You may soon be wearing clothes made of paper that can protect you from dangerous bacteria, thanks to researchers who have invented an inexpensive and effective way to sanitise surfaces. “Paper is an ancient material, but it has unique attributes for new, high-tech applications,” said Aaron Mazzeo, an assistant professor at Rutgers University in the US. “We found that by applying high voltage to stacked sheets of metallised paper, we were able to generate plasma, which is a combination of heat, ultraviolet radiation and ozone that kill microbes,” said Mazzeo. In the future, paper-based sanitizers may be suitable for clothing that sterilises itself, devices that sanitise laboratory equipment and smart bandages to heal wounds, among other uses, researchers said. The invention consists of paper with thin layers of aluminium and hexagon/honeycomb patterns that serve as electrodes to produce the plasma or ionised gas.
The fibrous and porous nature of the paper allows gas to permeate it, fuelling the plasma and facilitating cooling. “To our knowledge, we are the first to use paper as a base to generate plasma,” said Jingjin Xie, lead author of the study published in the journal Proceedings of the National Academy of Sciences. In experiments, the paper-based sanitizers killed more than 99 per cent of Saccharomyces cerevisiae (a yeast species) and more than 99.9 percent of E coli bacteria cells. Most E coli bacteria are harmless and are an important part of a healthy human intestinal tract. However, some types of E coli can cause diarrhoea, urinary tract infections, pneumonia and other illnesses, according to the US Centres for Disease Control and Prevention.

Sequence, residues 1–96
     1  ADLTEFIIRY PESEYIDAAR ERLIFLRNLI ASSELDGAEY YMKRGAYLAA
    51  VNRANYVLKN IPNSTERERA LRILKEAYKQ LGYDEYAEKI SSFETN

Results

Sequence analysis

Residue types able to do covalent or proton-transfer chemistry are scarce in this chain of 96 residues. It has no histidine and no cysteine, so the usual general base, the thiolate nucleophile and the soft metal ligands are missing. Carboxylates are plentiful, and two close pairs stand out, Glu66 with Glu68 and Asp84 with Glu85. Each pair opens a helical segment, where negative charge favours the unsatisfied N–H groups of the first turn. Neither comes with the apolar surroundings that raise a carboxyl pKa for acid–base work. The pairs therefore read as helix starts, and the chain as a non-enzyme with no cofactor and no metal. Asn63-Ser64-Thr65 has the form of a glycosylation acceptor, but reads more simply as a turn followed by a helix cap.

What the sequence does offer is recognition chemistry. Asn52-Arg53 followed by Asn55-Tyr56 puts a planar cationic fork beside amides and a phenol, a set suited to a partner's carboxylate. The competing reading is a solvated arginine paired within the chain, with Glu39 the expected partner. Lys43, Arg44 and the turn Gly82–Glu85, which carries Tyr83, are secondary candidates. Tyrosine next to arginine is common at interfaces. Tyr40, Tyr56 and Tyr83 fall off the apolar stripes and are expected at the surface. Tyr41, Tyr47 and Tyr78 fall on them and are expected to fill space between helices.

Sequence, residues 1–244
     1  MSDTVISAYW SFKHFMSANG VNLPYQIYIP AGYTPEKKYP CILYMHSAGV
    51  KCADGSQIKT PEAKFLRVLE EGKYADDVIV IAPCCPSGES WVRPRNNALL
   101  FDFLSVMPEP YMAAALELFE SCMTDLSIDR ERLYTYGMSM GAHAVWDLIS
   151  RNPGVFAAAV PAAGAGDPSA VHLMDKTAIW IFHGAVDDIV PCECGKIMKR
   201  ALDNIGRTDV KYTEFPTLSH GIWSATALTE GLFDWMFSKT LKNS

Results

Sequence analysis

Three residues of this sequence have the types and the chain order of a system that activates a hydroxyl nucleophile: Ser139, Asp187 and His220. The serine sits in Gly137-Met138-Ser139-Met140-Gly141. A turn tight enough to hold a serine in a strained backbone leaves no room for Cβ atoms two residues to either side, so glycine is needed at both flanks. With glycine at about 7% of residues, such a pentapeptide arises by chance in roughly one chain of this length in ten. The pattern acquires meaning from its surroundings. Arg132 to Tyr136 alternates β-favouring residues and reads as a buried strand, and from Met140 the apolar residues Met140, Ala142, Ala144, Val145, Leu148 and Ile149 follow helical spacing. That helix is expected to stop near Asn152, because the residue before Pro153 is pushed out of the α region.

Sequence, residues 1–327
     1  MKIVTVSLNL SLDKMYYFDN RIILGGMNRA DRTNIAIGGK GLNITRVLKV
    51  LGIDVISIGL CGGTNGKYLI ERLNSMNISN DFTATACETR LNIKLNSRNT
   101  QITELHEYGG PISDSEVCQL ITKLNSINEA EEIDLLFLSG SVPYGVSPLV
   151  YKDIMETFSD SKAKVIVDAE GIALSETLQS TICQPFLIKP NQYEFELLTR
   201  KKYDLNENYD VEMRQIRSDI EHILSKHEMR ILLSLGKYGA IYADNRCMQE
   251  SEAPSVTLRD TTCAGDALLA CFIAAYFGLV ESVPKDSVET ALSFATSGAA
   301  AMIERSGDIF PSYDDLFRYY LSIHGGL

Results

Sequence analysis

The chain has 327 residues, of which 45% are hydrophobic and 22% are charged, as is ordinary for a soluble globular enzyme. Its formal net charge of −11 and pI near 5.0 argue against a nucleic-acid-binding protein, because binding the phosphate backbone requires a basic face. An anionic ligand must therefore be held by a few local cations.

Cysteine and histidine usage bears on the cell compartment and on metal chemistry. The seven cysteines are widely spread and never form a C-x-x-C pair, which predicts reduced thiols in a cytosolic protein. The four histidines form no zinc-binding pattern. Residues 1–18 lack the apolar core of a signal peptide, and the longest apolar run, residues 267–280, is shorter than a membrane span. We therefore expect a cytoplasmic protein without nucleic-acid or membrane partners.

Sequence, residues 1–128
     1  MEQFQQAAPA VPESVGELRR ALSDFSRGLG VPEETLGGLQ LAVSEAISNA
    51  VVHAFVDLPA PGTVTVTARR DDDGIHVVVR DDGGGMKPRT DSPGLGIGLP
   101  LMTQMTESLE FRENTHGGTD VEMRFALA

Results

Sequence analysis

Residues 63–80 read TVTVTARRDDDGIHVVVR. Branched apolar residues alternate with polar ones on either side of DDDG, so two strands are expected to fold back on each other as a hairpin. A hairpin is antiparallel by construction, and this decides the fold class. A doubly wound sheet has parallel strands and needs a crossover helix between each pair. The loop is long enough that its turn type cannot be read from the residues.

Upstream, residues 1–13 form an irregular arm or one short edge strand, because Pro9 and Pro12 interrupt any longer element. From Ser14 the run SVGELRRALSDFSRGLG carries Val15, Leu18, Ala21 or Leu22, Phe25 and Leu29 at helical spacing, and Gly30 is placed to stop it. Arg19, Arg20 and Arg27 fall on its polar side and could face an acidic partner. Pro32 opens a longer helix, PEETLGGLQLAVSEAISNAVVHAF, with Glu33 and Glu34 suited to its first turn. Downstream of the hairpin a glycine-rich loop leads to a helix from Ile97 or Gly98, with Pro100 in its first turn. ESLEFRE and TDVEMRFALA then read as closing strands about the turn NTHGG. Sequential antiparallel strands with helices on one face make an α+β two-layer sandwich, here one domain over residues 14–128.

“Preliminary results showed that our sanitizers can kill spores from bacteria, which are hard to kill using conventional sterilisation methods,” said Qiang Chen, a doctoral candidate at Rutgers. Mazzeo said one of the goals of their ongoing research is to make sensors that resemble how human and animal skin provides protection from external microbes and bacteria while detecting input (touch, force, temperature and moisture) from environmental surroundings. Such sensors might cover parts of prosthetics, buildings or vehicles, researchers said. It also might be possible to sterilise vehicles, robots or devices before they enter contamination-prone environments and when they come out to keep them from contaminating people and clean environments, they said.